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Front Oncol. 2019 Jun 13;9:450. doi: 10.3389/fonc.2019.00450. eCollection 2019.

Utility of Immunophenotypic Measurable Residual Disease in Adult Acute Myeloid Leukemia-Real-World Context.

Author information

1
Haematopathology Laboratory, ACTREC, Tata Memorial Centre, Mumbai, India.
2
Biostatistics, ACTREC, Tata Memorial Centre, Mumbai, India.
3
Department of Cytogenetics, ACTREC, Tata Memorial Centre, Mumbai, India.
4
Adult Haematolymphoid Disease Management Group, Tata Memorial Centre, Mumbai, India.
5
Haemato-Oncology, CyteCare Cancer Hospital, Bangalore, India.

Abstract

Introduction: One of the mainstays of chemotherapy in acute myeloid leukemia (AML) is induction with a goal to achieve morphological complete remission (CR). However, not all patients by this remission criterion achieve long-term remission and a subset relapse. This relapse is explained by the presence of measurable residual disease (MRD). Methods: We accrued 451 consecutive patients of adult AML (from March 2012 to December 2017) after informed consent. All patients received standard chemotherapy. MRD testing was done at post-induction and, if feasible, post-consolidation using 8- and later 10-color FCM. Analysis of MRD was done using a combination of difference from normal and leukemia-associated immunophenotype approaches. Conventional karyotyping and FISH were done as per standard recommendations, and patients were classified into favorable, intermediate, and poor cytogenetic risk groups. The presence of FLT3-ITD, NPM1, and CEBPA mutations was detected by a fragment length analysis-based assay. Results: As compared to Western data, our cohort of patients was younger with a median age of 35 years. There were 62 induction deaths in this cohort (13.7%), and 77 patients (17.1%) were not in morphological remission. The median follow-up was 26.0 months. Poor-risk cytogenetics and the presence of FLT3-ITD were significantly associated with inferior outcome. The presence of post-induction MRD assessment was significantly associated with adverse outcome with respect to OS (p = 0.01) as well as RFS (p = 0.004). Among established genetic subgroups, detection of MRD in intermediate cytogenetic and NPM1 mutated groups was also highly predictive of inferior outcome. On multivariate analysis, immunophenotypic MRD at the end of induction and FLT3-ITD emerged as independent prognostic factors predictive for outcome. Conclusion: This is the first data from a resource-constrained real-world setting demonstrating the utility of AML MRD as well as long-term outcome of AML. Our data is in agreement with other studies that determination of MRD is extremely important in predicting outcome. AML MRD is a very useful guide for guiding post-remission strategies in AML and should be incorporated into routine treatment algorithms.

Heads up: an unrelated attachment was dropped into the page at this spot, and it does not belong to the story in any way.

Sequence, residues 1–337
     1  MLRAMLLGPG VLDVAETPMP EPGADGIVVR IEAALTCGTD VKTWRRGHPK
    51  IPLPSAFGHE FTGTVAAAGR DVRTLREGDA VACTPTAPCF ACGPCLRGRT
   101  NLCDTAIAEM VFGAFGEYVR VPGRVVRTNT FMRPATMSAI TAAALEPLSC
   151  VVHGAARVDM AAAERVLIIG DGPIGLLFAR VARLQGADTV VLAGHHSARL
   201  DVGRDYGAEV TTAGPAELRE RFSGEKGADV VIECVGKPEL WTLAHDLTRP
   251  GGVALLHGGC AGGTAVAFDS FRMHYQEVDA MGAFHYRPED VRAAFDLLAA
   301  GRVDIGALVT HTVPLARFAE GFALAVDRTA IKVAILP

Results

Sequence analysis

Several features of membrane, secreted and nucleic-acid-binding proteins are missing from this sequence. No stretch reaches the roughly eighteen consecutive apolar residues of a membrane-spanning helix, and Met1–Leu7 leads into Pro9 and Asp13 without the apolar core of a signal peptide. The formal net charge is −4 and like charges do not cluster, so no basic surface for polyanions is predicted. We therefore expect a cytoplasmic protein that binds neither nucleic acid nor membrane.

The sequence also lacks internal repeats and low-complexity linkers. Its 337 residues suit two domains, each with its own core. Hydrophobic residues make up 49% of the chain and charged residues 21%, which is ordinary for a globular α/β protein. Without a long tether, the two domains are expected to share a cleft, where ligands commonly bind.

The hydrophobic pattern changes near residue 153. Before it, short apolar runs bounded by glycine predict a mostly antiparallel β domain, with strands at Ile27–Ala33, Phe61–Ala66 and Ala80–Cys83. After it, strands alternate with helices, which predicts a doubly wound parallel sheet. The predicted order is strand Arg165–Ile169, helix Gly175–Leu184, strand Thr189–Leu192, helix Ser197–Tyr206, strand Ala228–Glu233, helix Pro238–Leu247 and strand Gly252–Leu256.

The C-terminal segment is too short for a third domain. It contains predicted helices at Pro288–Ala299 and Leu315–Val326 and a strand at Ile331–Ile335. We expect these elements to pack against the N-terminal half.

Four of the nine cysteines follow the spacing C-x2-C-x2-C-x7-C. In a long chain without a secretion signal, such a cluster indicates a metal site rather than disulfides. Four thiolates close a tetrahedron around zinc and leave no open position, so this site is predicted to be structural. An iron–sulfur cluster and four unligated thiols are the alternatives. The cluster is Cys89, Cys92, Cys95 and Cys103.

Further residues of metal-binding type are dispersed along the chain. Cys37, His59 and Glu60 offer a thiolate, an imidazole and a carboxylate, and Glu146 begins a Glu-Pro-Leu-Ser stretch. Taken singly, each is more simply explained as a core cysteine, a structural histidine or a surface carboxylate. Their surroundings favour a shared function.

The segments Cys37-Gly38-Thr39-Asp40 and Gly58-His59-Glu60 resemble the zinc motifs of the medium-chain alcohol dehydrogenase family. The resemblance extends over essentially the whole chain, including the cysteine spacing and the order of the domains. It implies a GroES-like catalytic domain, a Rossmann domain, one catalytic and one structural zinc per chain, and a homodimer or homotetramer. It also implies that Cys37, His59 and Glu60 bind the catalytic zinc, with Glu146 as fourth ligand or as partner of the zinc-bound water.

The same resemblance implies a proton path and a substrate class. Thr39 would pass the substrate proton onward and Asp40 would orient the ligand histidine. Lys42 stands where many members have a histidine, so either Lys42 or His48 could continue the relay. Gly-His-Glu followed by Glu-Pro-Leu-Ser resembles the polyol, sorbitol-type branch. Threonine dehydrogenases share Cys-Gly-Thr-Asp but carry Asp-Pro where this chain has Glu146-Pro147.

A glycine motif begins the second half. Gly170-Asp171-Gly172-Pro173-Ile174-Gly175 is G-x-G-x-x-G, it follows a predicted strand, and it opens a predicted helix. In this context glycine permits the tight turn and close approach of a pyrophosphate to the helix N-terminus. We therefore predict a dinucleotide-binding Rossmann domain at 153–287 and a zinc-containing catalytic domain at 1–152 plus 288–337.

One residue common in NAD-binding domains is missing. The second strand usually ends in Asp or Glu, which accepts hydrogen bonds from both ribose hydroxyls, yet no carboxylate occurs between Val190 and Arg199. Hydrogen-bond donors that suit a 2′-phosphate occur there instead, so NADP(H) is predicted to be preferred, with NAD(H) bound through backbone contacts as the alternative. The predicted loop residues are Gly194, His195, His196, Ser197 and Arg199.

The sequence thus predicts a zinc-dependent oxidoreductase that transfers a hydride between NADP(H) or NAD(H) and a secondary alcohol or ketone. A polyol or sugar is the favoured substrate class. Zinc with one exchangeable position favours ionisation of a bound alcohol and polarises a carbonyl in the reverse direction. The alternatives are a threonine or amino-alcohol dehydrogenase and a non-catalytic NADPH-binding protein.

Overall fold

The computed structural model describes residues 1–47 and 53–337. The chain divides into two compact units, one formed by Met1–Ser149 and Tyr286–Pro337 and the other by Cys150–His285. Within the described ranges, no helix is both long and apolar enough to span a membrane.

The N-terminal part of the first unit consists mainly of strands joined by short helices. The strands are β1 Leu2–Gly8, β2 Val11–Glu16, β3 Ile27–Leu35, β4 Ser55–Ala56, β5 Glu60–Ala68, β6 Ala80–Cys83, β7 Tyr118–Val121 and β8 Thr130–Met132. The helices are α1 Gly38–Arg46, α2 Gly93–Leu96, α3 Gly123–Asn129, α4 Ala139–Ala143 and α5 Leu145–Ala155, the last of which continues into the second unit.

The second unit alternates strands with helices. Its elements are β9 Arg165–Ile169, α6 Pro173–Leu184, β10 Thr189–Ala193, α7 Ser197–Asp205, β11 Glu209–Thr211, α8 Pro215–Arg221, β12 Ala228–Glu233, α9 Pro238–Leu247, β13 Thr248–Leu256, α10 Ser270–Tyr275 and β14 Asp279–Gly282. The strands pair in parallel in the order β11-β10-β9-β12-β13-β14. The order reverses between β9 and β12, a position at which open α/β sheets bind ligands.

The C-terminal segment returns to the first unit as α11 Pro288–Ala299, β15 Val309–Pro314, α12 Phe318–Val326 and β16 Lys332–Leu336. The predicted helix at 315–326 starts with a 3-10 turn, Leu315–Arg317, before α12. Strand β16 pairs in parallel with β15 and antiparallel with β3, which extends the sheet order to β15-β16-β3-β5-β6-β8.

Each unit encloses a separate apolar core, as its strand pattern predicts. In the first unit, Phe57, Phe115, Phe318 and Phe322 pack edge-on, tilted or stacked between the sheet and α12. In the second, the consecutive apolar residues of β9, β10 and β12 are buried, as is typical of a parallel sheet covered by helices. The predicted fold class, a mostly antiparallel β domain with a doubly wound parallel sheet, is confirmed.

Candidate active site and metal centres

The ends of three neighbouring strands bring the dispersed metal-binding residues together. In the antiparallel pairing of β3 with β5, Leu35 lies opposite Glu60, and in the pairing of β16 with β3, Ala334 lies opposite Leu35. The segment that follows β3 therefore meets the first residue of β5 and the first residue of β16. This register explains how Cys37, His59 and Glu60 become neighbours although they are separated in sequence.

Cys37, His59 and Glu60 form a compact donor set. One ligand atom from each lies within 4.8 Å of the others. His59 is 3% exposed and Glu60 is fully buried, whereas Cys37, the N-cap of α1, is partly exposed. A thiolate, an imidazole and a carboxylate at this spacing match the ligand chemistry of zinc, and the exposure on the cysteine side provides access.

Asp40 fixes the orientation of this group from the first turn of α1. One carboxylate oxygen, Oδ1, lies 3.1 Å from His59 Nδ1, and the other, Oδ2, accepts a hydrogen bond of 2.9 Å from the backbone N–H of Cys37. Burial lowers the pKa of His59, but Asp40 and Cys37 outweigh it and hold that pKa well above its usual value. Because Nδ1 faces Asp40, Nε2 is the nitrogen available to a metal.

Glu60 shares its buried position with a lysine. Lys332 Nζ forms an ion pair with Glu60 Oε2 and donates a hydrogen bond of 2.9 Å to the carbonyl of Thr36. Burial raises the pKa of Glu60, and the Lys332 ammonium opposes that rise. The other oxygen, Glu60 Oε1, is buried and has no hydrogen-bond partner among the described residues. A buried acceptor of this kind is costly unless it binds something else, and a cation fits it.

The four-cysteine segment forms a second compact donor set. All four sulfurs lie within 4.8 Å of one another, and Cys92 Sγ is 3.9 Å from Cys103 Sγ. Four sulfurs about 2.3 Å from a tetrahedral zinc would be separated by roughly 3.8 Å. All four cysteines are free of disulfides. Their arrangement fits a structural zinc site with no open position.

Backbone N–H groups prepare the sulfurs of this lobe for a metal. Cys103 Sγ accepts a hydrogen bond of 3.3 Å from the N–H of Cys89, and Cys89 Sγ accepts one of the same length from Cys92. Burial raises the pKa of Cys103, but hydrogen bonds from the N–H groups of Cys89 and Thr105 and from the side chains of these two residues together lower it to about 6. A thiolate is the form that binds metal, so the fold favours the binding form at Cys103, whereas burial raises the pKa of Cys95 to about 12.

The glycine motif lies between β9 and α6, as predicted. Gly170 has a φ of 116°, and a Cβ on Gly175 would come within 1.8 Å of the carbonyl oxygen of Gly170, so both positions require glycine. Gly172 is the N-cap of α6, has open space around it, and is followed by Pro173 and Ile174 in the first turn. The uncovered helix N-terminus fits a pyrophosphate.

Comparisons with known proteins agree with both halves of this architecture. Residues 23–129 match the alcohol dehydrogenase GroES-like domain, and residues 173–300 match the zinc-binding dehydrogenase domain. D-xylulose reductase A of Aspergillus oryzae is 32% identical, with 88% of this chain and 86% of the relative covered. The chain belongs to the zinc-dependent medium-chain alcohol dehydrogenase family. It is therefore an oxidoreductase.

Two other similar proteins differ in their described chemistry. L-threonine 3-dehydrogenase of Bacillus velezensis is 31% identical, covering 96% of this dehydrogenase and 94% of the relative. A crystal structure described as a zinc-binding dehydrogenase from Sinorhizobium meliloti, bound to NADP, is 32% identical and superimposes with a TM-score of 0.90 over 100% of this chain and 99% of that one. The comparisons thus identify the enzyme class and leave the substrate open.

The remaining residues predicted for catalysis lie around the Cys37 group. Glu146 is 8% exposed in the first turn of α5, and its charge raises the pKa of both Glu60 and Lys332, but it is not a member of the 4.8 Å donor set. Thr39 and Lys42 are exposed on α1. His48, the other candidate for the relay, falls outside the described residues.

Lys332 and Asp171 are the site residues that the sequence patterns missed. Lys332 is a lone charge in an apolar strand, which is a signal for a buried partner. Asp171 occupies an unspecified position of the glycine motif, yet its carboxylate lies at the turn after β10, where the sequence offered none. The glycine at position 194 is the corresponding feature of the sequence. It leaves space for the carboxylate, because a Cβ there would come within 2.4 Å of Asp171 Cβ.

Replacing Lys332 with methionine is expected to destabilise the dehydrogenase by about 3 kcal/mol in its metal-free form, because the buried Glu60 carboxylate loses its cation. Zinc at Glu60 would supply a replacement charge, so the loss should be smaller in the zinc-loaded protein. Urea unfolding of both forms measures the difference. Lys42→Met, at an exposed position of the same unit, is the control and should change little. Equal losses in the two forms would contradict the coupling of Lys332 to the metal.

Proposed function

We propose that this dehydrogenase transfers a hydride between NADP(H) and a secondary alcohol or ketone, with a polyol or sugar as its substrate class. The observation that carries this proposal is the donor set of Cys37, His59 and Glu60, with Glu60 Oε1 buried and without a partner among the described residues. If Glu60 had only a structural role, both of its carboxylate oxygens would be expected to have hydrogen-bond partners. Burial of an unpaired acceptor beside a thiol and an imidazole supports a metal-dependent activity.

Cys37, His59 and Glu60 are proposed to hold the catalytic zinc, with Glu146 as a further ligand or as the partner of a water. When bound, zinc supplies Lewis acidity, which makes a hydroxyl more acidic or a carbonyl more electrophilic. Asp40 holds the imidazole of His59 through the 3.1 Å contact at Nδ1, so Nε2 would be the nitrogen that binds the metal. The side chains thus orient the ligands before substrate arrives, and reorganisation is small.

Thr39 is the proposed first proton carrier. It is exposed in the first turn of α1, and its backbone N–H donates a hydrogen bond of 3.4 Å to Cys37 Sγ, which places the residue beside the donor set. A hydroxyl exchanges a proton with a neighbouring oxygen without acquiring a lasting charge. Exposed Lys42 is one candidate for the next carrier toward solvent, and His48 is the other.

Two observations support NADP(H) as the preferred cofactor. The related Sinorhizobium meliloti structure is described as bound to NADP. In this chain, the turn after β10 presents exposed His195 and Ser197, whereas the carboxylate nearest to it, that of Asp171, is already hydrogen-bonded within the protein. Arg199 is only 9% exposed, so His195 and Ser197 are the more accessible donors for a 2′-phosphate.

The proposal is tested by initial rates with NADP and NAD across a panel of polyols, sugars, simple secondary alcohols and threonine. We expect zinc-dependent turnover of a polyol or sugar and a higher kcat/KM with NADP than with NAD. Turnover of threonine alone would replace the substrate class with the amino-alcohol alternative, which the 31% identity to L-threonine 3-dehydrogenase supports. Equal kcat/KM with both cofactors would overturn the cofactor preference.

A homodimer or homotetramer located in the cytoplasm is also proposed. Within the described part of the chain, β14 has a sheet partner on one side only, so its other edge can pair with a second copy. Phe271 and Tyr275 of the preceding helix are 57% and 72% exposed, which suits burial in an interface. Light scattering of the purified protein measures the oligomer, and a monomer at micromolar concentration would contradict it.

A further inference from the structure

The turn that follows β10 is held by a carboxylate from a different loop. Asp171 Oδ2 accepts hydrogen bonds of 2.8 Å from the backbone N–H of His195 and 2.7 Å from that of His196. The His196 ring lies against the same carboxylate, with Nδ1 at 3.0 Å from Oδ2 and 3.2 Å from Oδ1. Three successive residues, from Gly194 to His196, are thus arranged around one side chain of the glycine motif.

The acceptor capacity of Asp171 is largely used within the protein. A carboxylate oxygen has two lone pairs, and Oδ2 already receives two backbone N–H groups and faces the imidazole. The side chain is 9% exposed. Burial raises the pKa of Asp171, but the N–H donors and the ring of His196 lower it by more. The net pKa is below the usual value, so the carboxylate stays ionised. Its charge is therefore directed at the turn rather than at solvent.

KEYWORDS:

AML MRD; FCM MRD; acute myeloid leukemia; measurable residual disease; real-world data AML

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